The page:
Since it first opened up in Julu of 2008, the App Store has paid developers over $13 billion at last count, and the marketplace hosts are over 1 million third-party programs. That makes the App Store a success by almost any measure… except discoverability.
Even today, the App Store can be extremely hard to navigate. Dominated by clones of popular apps and freemium crapware, good apps often get buried at the bottom of the App Store thanks to the App Store’s notoriously bad search engine and almost non-existent curation.
But former Apple executive Jean-Louis Gassée has a suggestion. Make the App Store more like Reddit. Let anonymous humans curate it.
Over on his website, Gassée makes an eloquent argument in favor of a human-curated App Store.
Instead of using algorithms to sort and promote the apps that you permit on your shelves, why not assign a small group of adepts to create and shepherd an App Store Guide, with sections such as Productivity, Photography, Education, and so on. Within each section, this team of respected but unnamed (and so “ungiftable”) critics will review the best-in-class apps. Moreover, they’ll offer seasoned opinions on must-have features, UI aesthetics, and tips and tricks. A weekly newsletter will identify notable new titles, respond to counter-opinions, perhaps present a developer profile, footnote the occasional errata and mea culpa…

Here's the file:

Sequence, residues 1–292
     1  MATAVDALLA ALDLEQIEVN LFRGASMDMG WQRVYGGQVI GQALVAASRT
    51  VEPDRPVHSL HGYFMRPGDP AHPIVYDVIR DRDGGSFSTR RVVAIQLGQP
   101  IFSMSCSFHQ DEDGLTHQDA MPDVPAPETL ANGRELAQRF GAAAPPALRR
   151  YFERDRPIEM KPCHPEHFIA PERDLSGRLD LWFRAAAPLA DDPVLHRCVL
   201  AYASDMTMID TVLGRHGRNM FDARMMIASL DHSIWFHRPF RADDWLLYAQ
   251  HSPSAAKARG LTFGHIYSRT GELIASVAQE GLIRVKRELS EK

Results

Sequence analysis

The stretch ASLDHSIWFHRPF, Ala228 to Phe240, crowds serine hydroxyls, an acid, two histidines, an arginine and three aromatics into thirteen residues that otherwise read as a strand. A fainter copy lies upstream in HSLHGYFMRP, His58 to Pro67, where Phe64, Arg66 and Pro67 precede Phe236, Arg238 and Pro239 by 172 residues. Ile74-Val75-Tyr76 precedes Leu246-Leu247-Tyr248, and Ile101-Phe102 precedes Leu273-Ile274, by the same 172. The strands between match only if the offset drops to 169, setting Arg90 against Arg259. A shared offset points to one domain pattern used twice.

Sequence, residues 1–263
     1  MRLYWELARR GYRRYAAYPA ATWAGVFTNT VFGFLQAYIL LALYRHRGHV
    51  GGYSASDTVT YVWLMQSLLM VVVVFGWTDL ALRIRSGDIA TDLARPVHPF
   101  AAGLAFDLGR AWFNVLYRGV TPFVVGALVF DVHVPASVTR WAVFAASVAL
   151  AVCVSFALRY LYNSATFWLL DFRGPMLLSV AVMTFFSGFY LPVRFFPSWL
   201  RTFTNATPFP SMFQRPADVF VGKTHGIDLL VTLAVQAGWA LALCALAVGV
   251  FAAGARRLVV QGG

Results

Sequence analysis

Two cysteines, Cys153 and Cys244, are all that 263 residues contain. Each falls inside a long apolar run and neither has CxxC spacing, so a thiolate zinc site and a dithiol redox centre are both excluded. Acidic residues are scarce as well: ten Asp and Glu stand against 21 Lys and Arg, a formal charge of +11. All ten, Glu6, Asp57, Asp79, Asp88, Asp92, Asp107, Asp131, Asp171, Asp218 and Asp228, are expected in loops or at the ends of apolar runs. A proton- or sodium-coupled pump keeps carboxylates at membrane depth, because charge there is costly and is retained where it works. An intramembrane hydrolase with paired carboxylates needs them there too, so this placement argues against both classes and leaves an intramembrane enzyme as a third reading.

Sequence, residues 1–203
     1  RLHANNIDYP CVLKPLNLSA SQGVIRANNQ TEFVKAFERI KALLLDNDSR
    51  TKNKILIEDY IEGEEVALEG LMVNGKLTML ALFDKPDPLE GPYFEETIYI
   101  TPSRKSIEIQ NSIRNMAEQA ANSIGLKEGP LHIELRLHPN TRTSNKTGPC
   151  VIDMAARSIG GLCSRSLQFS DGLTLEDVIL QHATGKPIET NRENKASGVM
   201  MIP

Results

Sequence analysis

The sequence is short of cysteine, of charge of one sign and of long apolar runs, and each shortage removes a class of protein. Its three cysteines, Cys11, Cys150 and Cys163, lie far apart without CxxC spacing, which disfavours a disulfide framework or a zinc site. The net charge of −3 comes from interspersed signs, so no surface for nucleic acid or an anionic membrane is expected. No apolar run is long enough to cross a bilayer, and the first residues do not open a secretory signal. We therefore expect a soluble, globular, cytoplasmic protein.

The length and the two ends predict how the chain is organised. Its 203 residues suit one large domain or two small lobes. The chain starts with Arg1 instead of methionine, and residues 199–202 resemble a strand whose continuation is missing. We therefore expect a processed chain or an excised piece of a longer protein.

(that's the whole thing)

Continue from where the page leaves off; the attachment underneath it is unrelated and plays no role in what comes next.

The result will be a more intelligible App Store that makes iOS users happier.
Gassée points out that third-party app store guides exists, but there’s no way to make a focus on high-quality apps part of the default App Store experience without it becoming part of Apple’s direct ecosystem.
As a humorous anecdote, Gassée notes that he once offered to come back to Apple to lead just such an initiative for free at the All Things D conference a couple years ago, only to get the evil eye from longtime Apple PR chief Katie Cotton.
What do you think? Would human curation solve a lot of the App Store’s ills? Is it even possible for human to curate over a million apps? Let us know in the comments.
Source: Monday Note